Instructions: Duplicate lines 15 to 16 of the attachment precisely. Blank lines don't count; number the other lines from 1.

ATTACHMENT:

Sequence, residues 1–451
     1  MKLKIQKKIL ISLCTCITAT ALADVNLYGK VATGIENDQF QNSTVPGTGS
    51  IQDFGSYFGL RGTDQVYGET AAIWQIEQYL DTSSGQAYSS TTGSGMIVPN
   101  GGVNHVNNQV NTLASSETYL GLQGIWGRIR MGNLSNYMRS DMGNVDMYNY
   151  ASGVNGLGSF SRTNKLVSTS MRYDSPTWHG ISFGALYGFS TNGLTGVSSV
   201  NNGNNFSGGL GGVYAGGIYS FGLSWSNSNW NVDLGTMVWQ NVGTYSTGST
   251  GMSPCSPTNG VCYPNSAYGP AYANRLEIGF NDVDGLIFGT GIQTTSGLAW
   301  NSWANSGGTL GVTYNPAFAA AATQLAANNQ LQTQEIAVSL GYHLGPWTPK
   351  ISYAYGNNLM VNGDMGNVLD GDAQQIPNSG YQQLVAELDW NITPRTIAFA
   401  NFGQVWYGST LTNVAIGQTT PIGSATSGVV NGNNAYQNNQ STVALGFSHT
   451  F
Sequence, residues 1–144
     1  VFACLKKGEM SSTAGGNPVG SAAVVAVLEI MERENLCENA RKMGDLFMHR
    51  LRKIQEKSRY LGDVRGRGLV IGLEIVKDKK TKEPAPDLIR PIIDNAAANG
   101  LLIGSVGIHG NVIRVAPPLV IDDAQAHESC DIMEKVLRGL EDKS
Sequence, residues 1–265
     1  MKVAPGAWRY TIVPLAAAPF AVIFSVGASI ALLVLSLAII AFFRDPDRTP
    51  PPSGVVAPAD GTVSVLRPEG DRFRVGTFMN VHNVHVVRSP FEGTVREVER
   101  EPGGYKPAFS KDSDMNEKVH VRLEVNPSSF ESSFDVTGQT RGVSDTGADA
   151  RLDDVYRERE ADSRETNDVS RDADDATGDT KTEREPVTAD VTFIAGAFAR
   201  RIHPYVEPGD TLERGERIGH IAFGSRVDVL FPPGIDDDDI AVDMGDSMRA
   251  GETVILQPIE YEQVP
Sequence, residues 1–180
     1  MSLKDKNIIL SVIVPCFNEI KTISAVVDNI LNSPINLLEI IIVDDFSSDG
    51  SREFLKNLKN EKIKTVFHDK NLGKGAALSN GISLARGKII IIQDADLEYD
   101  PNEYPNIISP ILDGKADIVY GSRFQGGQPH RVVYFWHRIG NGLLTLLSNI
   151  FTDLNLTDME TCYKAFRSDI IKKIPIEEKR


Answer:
   101  LLIGSVGIHG NVIRVAPPLV IDDAQAHESC DIMEKVLRGL EDKS
Sequence, residues 1–265